If you’re traveling for the London Marathon, I’d suggest going to the expo was soon as you arrive. It was a well managed event, but I can imagine it being pretty awful on Saturday. Plus, going early will get you the best pick of gear selection and sizes.
Getting to the London Marathon Expo
ExCel London is easily accessible via public transportation. Take the Elizabeth Line or the DLR to Custom House, which is adjacent to the convention center where the expo is held. Public transportation is not free for runners to the expo, so you’ll have to tap your credit card when you get on and off the train.
After exiting the station, there are signs and volunteers directing runners toward the convention center entrance. I don’t know who needs to hear this, but there’s a Starbucks right by the station. Inside, the convention center felt a bit like a mall food court, with some fast food restaurants and cafes.
There are plenty of signs and crowds that lead toward the actual expo location, and the entrance was clearly marked. It did seem like they were prepared to limit entry to manage capacity, but there was no line to enter on Friday at 1 PM.
The first thing you hit after walking into the expo is bib pickup. There are a bunch of booths in a row, and you can go to any one. That is to say it’s not organized by bib number or anything. You need your QR code (sent via email) and a photo ID to get your bib. I forgot my passport at my hotel, but my US driver’s license worked perfectly fine.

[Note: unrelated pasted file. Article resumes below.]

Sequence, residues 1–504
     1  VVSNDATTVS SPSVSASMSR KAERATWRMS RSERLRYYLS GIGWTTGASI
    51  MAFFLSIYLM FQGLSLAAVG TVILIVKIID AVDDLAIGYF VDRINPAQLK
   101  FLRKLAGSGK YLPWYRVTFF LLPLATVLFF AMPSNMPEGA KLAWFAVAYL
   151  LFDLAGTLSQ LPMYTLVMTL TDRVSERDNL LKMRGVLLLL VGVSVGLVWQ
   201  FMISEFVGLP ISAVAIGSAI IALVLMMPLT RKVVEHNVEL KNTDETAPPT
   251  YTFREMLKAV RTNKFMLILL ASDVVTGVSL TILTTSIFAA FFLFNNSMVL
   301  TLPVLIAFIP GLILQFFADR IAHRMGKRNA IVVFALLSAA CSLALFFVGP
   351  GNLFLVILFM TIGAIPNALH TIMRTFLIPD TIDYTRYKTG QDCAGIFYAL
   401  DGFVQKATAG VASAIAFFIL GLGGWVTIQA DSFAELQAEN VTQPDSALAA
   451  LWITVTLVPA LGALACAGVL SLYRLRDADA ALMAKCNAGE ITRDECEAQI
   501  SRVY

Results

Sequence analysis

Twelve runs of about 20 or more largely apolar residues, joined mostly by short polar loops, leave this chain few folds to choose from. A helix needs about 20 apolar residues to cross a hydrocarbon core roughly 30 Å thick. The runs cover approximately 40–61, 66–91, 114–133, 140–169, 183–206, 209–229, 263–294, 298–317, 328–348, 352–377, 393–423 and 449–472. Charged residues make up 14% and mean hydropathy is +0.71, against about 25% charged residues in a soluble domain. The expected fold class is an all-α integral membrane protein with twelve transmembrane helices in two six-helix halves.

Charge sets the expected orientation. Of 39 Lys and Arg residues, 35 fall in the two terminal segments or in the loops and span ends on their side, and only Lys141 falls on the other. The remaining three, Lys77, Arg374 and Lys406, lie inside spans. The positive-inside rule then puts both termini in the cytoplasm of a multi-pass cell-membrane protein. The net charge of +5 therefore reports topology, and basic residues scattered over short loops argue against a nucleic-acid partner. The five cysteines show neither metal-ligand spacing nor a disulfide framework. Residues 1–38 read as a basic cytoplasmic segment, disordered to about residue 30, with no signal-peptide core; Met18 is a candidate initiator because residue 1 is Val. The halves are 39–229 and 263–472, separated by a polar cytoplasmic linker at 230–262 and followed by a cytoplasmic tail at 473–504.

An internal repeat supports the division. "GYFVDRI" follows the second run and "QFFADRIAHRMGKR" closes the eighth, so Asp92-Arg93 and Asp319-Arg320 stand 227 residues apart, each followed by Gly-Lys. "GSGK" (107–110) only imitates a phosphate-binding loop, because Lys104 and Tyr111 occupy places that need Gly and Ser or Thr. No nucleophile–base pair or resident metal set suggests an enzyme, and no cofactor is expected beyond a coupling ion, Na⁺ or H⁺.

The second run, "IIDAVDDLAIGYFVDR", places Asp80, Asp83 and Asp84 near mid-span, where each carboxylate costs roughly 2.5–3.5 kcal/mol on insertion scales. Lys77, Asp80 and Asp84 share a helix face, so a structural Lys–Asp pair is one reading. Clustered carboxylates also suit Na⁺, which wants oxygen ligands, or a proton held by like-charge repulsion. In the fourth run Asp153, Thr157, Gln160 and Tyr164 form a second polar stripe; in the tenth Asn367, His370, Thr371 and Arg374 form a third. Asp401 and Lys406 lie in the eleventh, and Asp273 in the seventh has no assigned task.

It was a little crowded when I was there (Friday, 1 PM), but they moved people through really quickly. I went to a line near the end and was done in 3 minutes. Easy peasy.
The London Marathon does finisher shirts at the finish line instead of participant shirt, so there is no shirt pickup at the expo.
Official London Marathon Race Gear
Just beyond bib pickup is the official race gear shop. Official London Marathon apparel is by New Balance. They do sell it online in advance, but it doesn’t ship internationally. So if you want any race swag, you’ll need to get it at the Running Show. I thought the gear was really good, and I spent way too much money on it.
The big ticket item is the official jackets, which were available in neon and black my year. They were just selling out of popular sizes and colors when I arrived (Friday, 1 PM). The neon was almost entirely gone and the women’s in black were going quickly. The men’s jackets lasted a big longer, but those too were pretty picked over by the time I left the area.
Other than the jackets, there seemed to be adequate sizing available for most other items, and they were actively restocking things. There was a long line for checkout, but it was really well organized and moved quickly.
The shopping area was packed. Granted I was tired and came straight from a redeye flight, but I found this experience to be incredibly overwhelming.
The Rest of the Running Show
After the official merchandise area, there was the rest of the general expo. This was pretty standard in size and quality.
Here are a few things to expect from the expo.
- Booths for upcoming races and charity groups
- Running related gear and apparel
- Cafe with food and drinks for purchase (including coffee)
- Photo ops including photo walls, digital experiences and green-screen/prop photos
- Massage area (for purchase)